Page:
Bar/Bri Class Action Suit


As the July California Bar Exam approaches in just a few days, I thought it was fitting that I received a class action notice regarding Bar/Bri in the mail today. I heard rumblings about this last summer as I was immersing myself in Bar/Bri's overpriced and ham-handed bar review course. It sounds like current bar studiers are eligible for the suit -- the class includes people who took a Bar/Bri Bar Review course between August 1997 and the present. The website for the class action suit is here:

The complaint (available at the website) basically alleges that Bar/Bri and Kaplan entered into a super-secret deal whereby Bar/Bri agreed not to offer LSAT prep courses and Kaplan agreed not to offer Bar Exam prep courses, thereby running afoul of Antitrust laws.

It'll be interesting to see how this comes out. I'll be sure and keep an eye out for my check for three cents or coupon for ten dollars off any GRE prep course.

One final thing: The class action suit is pending before Judge Real in the Central District of California. Judge Real's clerks very likely took Bar/Bri sometime in the last nine years. Can his clerks be class members? Hmm....


Judge Real can just have his externs work on the case -- but probably only 1Ls and only if they haven't pre-enrolled in BarBri. :)

I got my class action notice in the mail yesterday. Although I think anticompetitive conduct should be dealt with swiftly and harshly, I kind of feel bad being a class member since I'm pretty pleased with Bar/Bri and impressed with how much they managed to teach me in eight short weeks compared with how much (or at least how well) I learned about the same topics in the last three years. It may be that competitors that Bar/Bri bought up or colluded with to keep its monopoly would have caused prices to come down, but I think there's something to be said for its experience and the fact that what they teach is exactly what everyone is going to write for the exam so that's what the Bar examiners pretty much have to accept. While I'm kissing bar-prep ass, I'd like to give a shout out to PMBR for its flashcards and 300 questions per MBE subject... and giving me a $100 discount for being an ABA member. I wonder how much I'll get when Bar/Bri loses its class action and if I'll even care because I won't be totally and utterly broke by then (hopefully).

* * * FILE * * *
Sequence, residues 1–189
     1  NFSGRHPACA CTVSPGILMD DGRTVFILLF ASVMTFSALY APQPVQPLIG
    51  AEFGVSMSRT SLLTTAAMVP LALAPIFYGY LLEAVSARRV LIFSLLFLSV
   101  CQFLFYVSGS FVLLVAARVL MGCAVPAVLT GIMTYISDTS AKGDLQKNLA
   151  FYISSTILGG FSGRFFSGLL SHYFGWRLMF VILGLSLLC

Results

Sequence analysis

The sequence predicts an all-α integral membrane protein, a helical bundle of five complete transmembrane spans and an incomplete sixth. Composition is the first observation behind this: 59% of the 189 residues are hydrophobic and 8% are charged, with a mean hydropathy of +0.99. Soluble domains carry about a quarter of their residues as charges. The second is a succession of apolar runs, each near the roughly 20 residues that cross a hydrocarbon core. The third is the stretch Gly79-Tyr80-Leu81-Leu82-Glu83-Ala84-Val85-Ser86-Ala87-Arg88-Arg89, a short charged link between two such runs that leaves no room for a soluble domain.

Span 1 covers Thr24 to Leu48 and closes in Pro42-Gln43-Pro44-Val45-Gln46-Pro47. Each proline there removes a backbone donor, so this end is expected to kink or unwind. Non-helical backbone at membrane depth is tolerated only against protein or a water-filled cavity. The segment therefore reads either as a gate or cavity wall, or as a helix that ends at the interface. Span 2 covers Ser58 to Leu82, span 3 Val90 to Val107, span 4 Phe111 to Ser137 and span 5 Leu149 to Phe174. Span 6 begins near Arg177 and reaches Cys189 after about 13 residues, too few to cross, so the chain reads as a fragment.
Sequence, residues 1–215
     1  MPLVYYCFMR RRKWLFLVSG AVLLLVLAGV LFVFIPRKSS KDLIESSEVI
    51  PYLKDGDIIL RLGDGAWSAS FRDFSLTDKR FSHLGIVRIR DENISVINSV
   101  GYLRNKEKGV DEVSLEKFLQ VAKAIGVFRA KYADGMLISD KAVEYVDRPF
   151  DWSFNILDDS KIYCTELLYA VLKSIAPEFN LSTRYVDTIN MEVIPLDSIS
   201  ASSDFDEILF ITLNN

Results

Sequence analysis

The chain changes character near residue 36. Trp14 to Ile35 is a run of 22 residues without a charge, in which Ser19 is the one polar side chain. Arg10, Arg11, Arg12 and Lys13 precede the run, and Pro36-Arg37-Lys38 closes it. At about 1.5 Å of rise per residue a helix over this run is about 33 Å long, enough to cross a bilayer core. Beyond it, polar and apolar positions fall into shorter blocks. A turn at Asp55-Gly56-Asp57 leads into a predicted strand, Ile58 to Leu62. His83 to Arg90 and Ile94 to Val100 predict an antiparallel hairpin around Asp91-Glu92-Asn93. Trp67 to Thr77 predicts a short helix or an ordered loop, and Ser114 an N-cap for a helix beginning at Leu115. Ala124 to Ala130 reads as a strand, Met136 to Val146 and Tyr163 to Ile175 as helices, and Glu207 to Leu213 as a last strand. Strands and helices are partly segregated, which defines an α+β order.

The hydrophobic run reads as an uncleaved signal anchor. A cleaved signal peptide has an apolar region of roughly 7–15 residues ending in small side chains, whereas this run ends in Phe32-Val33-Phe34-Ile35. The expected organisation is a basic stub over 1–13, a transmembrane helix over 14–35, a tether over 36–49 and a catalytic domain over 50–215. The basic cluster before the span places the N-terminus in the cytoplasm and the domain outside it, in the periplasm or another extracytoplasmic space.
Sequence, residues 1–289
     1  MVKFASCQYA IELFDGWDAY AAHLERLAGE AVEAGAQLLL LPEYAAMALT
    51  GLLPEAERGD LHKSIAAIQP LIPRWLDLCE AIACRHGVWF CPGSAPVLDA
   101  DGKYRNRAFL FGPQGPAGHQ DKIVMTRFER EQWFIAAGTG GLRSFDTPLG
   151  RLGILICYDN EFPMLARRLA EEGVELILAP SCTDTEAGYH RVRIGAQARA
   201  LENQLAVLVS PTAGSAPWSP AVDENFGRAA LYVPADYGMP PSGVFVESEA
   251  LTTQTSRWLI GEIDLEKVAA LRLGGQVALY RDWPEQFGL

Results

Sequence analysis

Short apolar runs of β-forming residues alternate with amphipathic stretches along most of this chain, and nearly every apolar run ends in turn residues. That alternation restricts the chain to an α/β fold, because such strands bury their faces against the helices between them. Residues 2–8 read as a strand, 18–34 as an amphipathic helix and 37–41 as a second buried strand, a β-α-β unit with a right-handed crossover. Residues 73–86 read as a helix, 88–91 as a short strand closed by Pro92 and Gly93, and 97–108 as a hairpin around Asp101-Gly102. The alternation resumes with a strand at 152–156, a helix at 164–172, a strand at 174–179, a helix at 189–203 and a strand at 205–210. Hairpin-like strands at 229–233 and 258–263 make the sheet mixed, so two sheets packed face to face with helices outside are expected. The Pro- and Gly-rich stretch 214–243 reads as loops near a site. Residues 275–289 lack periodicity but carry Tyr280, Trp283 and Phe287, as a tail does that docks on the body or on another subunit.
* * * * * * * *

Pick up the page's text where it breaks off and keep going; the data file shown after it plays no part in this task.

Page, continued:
You can be pleased with the service without being pleased by how much you're paying for it. Besides, this suit isn't about Bar/Bri being a monopoly, it's about collusive behavior.

If Kaplan entered the Bar Prep market their approach wouldn't necessarily be different from Bar/Bri's (just like Bar/Bri's approach to the MBE isn't much different from PMBR's). It would just bring prices down, which is Good for America.

Also, good luck next week!

I just took the Illinois Bar Exam in Chicago. I must admit that Bar Bri made the experience easier. Even so, I agree with both assertions made so far: (1) Bar Bri does deliver a good product because they understand that the Bar Examiners want "magic words," not cogent analysis--Bar Bri effectively teaches students the "magic words" and how to regurgitate them under time pressure; and (2) Bar Bri should not be allowed to unfairly corner the Bar Review market.